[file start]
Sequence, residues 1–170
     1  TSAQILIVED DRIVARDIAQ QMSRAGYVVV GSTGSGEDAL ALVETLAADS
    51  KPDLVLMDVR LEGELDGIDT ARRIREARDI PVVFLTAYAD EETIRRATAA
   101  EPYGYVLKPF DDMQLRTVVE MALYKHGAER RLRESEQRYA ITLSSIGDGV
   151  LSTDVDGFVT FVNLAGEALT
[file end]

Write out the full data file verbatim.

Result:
Sequence, residues 1–170
     1  TSAQILIVED DRIVARDIAQ QMSRAGYVVV GSTGSGEDAL ALVETLAADS
    51  KPDLVLMDVR LEGELDGIDT ARRIREARDI PVVFLTAYAD EETIRRATAA
   101  EPYGYVLKPF DDMQLRTVVE MALYKHGAER RLRESEQRYA ITLSSIGDGV
   151  LSTDVDGFVT FVNLAGEALT